Non-Music Majors Study, Perform; Some Pursue Music Careers
Through opportunities offered by the Northwestern University School of Music, non-majors can enroll in courses, take lessons, earn a minor and perform in ensembles.February 20, 2007 | by Judy Moore
EVANSTON, Ill. --- Broadway superstar and Tony Award winner Heather Headley, School of Communication, 1997. Miss America 1998 Kate Schindle, School of Communication, 1999. The late Robert Harth, former artistic and executive director of Carnegie Hall, Weinberg College of Arts and Sciences, 1977.
They are just a few of the Northwestern University alumni who pursued music careers but majored in other subjects as undergraduates.
Through opportunities offered by the School of Music, non-majors can enroll in courses, take lessons, earn a minor and perform in ensembles. They do so because they cannot imagine their lives without music.
Lessons, courses and ensembles offer non-majors a great opportunity to continue studying something they love, said Jan Berry, lecturer and coordinator of the Music Opportunities for Non-majors Program.
“More than 800 non-majors take lessons each quarter, some studying more than one instrument,” Berry said. And voice students comprise the largest contingent.
“Voice lessons are the most popular offering,” says Robert Heitzinger, a lecturer in music performance. Heitzinger, a music theater professional, said that more than 250 non-majors are enrolled each quarter in private or group lessons or in “Performance Seminar,” a course that trains singers in a variety of musical styles.
Sixty percent of the students in the seminar are from the School of Communication, Heitzinger said. Many are preparing to audition at the end of spring quarter for the Music Theater Certificate Program, offered jointly by the schools of Music and Communication.
Keyboard skills coordinator Karen Kan-Walsh, who has worked with both majors and non-majors for 16 years, hears hours of auditions each fall. “I find it admirable that non-majors find time for continued serious study in the context of a rigorous academic schedule,” she said.
In addition to lessons, non-majors take can courses in theory, harmony, composition and history or pursue a music minor, coordinated by Linda Garton, assistant dean for admission and student affairs. “Concentration in Music” requires six credits in music theory, music history and world music. Other minors are offered in commercial music, music composition, jazz studies, music technology, music cognition and musicology.
All Northwestern students are eligible to audition for any of 12 performing ensembles including Jazz Band; Concert Band; University Chorus, composed of students and community members; and Philharmonia, the largest orchestra on campus, designed exclusively for non-majors. “These non-majors are very talented and have an important role in these ensembles,” said Berry.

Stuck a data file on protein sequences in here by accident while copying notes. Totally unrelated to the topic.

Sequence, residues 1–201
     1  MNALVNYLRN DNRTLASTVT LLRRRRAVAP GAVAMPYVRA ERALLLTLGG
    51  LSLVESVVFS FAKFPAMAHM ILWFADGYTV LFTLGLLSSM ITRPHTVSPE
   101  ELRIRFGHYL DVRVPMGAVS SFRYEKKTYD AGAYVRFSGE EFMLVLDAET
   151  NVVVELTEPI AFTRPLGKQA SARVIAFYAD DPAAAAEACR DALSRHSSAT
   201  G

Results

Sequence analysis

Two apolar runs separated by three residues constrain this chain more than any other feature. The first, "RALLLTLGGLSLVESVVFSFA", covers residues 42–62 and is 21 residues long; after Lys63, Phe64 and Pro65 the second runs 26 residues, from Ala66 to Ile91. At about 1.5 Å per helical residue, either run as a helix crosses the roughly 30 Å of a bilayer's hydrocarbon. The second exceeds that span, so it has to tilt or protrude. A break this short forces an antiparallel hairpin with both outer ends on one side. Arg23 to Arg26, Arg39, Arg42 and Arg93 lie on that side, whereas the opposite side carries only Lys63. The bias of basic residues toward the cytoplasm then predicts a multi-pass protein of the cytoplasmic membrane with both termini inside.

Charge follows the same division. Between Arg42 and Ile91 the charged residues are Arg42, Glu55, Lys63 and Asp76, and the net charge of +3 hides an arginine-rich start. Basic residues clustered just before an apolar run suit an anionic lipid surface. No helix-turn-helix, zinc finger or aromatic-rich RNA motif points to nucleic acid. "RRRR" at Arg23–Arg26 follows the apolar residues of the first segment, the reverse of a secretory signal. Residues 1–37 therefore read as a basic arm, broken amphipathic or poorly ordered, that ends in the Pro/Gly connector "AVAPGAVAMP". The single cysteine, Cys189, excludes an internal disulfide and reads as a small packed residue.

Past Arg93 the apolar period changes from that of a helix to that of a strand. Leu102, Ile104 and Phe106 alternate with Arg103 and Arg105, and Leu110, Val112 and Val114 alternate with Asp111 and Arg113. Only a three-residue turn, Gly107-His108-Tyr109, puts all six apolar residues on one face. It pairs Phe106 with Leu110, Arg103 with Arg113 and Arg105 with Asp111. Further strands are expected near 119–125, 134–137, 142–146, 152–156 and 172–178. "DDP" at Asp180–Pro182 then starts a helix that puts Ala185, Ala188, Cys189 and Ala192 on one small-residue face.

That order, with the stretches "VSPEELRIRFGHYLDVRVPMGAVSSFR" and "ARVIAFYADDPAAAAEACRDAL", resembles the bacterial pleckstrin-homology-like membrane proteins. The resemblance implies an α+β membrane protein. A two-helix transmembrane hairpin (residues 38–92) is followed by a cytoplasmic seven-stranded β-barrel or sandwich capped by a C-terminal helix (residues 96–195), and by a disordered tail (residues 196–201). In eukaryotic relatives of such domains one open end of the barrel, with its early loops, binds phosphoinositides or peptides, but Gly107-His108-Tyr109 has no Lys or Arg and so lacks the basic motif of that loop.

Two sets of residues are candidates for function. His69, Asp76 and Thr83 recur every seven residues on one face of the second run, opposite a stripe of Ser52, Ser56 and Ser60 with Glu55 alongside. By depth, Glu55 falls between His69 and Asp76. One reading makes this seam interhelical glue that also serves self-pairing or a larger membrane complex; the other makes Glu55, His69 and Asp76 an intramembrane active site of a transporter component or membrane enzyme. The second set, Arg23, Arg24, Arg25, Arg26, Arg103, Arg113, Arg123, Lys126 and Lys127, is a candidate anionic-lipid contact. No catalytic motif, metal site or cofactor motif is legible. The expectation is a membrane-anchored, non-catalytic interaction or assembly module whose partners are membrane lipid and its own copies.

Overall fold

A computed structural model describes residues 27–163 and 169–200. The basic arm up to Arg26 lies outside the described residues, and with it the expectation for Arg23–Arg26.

These students pursue their musical interests because they cannot imagine their lives without music, such as, for example, a McCormick School of Engineering and Applied Science graduate student, a professional musician enrolled in the School of Continuing Studies and two Medill School freshmen.
Last year Robert G. Hasty, senior lecturer of music performance and conductor of the Philharmonia, invited McCormick engineering graduate student Anand Jagannath to serve as concertmaster. One of the reasons Jagannath chose to attend Northwestern was because of its excellent program for non-majors. “Music has been a part of my life since a very early age, so I've always found ways to make time for music,” said Jagannath. “I manage my schedule so that I can work on my thesis and have time to play violin. Having music in my life keeps me balanced.”
School of Continuing Studies student Nancy Dwyer, who took a class with Berry last summer, has already made a name for herself in the music world. A lifelong performer, Dwyer played fiddle with country artist Charley Pride's band for almost 10 years and composes children's music. Her first album, “PlayNames Everyday,” was on the nominating ballot for a Grammy Award in 2003. “Every Northwestern class I've taken has been fantastic,” said Dwyer, who is majoring in fine and performing arts.
Two freshman journalism majors, Naadia Owens and Sara Fay, were selected through audition to perform in University Chorus. “With a double major in English and journalism, three-hour rehearsals each week can be tough, “said Owens. “But I always manage to fit everything in -- I can't imagine not singing.”
Fay, who also is a clarinet player, was chosen for Symphonic Band, an organization historically designed for music majors. “As far as juggling two performing ensembles and my course load, it is difficult but totally worthwhile. It's really easy to forget why you love music when you're working that hard at it,” she said, “but as soon as you try to live without music...well, that's just not possible for me.”
Music study teaches discipline and focus, said Heitzinger. “These skills translate to other professional areas -- for instance, journalism students preparing for careers in arts criticism or Kellogg students pursuing a future in arts business management,” he said.
“It is not necessary to have a music degree to participate in some way in the music field,” said Ellen Schantz, director of communication and marketing for the School of Music. “A lawyer, for example, may choose to specialize in entertainment law. Finance graduates can become CFOs of record companies, performing arts institutions or artist management companies,” she said.
The common thread tying majors and non-majors is a love of music -- whether they intend to pursue a career in music or in biomedical engineering. As freshman Sara Fay says, trying to live without music -- it's just impossible.